This could kill all current gravel bikes

Gravel 21/09/23 19:21 Migue A.

The wheel size debate, which has long been a headache for mountain bikers changing bikes, now seems to be threatening gravel after the introduction of a Moots prototype with 750d wheels, but does this new wheel size really make sense?

Will there be a change of wheel size on gravel bikes?

Let's go back in time for a moment, to the first decade of the century when the mountain bike world was turned upside down by the emergence of 29-inch wheels. What until then had been considered an untouchable standard, the 26-inch wheel size, was suddenly blown away by the emergence of big wheels.

What seemed like an eccentricity gradually became more and more common and soon people began to see that it worked, that it went over obstacles better, that it was easier to ride fast, in short, the beginning of the end of mountain biking as it was born in those distant late 70s and arrived in Europe in the 90s.

A change that, of course, was not without controversy on the part of cyclists who saw their bikes totally depreciated and began to run out of quality spare parts because of what many considered to be a mere invention of the brands so that we would all change bikes. Today, although bikes with 26-inch wheels are still marketed, they have been relegated to very basic ranges.

In fact, the controversy was reproduced shortly after, in the middle of the introduction of 29'' bikes, when it was also suggested that something in between would be a better solution: 27.5'' or 650b wheels. In fact, many brands opted to create ranges with both types of bikes, forcing them to duplicate models or, within the same reference, to equip the smaller sizes with 27.5'' wheels and the larger ones with 29'' wheels, claiming that this way they could maintain homogeneity in the geometries and the same fit.

Not even road cycling was exempt from this with some brands launching 650b wheel models in the small sizes supposedly to better adapt the bikes to women.

A proposal that has not caught on in any of the modalities, especially on the road where the 700 size has remained the unchanging standard since the origins of this sport, while in mountain biking 29'' wheels are the ones that have ended up taking the upper hand, except for exceptions such as enduro or downhill bikes that opt for 27,5'' in order to be able to mount huge balloon tyres without increasing the effective diameter and affecting the agility of the bike, or even the curious mullet combination in which the bikes mount a 29 front wheel and a 27.5 rear wheel.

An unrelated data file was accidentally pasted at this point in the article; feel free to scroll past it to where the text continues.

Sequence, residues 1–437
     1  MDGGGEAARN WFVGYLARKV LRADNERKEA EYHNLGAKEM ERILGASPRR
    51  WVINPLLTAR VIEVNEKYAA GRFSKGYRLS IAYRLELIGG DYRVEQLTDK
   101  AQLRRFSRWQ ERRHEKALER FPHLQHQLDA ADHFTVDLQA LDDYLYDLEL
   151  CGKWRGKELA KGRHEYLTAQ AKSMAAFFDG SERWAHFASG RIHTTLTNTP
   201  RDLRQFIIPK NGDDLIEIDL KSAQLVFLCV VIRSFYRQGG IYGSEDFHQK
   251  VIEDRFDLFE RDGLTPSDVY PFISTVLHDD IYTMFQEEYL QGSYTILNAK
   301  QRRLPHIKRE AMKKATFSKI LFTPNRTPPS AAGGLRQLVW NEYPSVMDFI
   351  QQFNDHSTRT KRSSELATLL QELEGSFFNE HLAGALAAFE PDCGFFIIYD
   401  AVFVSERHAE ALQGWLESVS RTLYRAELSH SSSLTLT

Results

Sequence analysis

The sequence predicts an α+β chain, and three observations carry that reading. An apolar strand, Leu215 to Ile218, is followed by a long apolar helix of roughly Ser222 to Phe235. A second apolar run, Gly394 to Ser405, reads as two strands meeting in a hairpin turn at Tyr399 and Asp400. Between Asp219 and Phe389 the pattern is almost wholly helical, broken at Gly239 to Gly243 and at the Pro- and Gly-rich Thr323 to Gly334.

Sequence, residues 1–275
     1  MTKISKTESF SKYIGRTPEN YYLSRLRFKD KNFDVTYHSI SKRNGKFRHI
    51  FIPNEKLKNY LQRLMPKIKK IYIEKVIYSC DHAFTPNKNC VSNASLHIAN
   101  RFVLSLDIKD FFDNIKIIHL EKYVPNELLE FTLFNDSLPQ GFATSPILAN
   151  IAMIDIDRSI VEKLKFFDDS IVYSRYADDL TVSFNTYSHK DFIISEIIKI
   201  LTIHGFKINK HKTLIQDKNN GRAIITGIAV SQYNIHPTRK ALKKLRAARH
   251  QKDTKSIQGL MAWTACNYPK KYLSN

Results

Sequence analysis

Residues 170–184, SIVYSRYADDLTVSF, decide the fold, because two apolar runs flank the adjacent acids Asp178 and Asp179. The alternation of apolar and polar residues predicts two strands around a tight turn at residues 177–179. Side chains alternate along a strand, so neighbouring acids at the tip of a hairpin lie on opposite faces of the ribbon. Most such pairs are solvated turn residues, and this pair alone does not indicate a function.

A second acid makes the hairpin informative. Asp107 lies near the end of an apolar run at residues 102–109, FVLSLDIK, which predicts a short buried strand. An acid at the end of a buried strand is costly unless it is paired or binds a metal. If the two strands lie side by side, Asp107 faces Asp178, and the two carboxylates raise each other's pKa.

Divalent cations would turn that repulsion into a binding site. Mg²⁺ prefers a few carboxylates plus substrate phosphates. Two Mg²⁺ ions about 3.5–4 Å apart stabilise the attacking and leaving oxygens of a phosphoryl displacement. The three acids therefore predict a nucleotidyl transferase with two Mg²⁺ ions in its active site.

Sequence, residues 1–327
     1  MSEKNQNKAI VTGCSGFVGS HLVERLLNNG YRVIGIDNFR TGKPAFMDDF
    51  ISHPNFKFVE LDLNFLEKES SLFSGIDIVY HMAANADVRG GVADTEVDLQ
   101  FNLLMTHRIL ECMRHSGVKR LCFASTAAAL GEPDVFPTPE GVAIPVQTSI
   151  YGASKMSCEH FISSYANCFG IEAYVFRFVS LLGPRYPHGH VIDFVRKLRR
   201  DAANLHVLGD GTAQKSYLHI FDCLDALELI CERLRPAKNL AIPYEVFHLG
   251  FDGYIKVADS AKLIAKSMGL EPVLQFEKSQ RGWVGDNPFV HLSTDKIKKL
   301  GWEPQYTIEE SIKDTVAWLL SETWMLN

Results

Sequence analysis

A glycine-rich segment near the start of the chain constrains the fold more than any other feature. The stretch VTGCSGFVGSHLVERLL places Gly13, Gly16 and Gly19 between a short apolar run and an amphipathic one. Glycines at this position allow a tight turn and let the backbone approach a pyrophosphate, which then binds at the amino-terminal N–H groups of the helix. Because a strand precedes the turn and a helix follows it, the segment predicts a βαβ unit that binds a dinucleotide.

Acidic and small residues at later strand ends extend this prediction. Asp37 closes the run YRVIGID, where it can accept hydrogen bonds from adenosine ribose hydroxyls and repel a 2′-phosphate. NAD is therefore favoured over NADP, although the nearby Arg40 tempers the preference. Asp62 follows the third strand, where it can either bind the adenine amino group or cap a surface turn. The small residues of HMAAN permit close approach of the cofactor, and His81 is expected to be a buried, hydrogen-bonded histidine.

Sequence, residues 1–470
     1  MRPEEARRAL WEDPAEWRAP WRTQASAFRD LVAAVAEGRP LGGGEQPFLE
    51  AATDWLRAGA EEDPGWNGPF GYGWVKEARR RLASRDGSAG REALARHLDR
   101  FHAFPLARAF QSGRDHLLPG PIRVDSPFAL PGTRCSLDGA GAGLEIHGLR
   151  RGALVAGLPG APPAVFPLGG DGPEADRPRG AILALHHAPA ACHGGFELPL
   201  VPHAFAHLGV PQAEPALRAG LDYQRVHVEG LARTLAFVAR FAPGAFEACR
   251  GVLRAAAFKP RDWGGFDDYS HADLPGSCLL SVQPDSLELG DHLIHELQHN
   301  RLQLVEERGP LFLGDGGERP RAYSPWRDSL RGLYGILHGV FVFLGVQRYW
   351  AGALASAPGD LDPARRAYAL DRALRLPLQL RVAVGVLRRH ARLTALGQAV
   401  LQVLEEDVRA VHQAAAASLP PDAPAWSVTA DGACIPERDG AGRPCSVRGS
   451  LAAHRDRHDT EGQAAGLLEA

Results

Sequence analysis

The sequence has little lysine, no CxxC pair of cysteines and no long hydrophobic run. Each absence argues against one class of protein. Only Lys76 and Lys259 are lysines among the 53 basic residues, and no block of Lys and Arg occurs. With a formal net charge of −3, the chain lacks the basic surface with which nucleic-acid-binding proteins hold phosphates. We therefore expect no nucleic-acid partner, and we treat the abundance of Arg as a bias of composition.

Now it seems to be the gravel modality, the last to become popular as such less than a decade ago, which seems to be affected by these attempts to propose a new standard that, in reality, no one has asked for and no one sees the need for after Moots presented a prototype designed for 750d wheels with which they intend to achieve an effective diameter similar to that of 29-inch mountain bikes but without having to resort to large-balloon tyres.

Of course, few have taken it seriously that this 750d size could become a new standard, although, looking back, many did not take Gary Fisher, one of the historic pioneers of mountain biking, seriously when he started building prototypes with 29 wheels and claiming that this would be the future.

Obviously, the brands would be delighted if a new wheel size were to be introduced in gravel since it would mean, as it happened with mountain bikes, a total renewal of the cycling fleet as well as opening up new avenues of development at a time when gravel bikes, which after all, drink directly from road cycling, seem to be stuck in the same mantras when it comes to developing their designs.

However, going back to the question at the beginning, does the gravel really need larger wheels to be more efficient? Honestly, it's sobering. Abandoning a standard such as 700 wheels, with which really fast bikes are being built, to make gravel bikes even rougher and closer to the behavior of mountain bikes seems to make little sense, especially at a time when MTB hardtails are being pushed aside a bit in favor of modern XC fullies.

In general it seems to make little sense to want to make gravel bikes do what mountain bikes do when it was a discipline that was born out of the concept of solving a need in the vast plains of the western U.S. where you're riding on a perfectly paved road and then suddenly it turns into a dirt track for miles on end. Let's not forget that the first gravel bikes had tyres a little thicker than cyclocross tyres and were little more than big-bottom bikes designed for the classics but capable of accommodating those tyres.

If we stick to the essence of gravel, it makes little sense to create bikes with a specific wheel size, especially when one of the advantages of these bikes is the versatility they offer and that, with a simple change of wheels for smooth tyres allow us to have a road bike. In fact, let's not forget that in recent years gravel bikes have been debating whether the ideal was to use 650b or 700 wheels. Finally, the former have been reduced to a marginal use and only for those who use the gravel bike to do something more similar to mountain biking than gravel.

In any case, given the precedents of mountain bikes, it is impossible to say that 750d wheels will not succeed in the future, time will tell if we have to change bikes.



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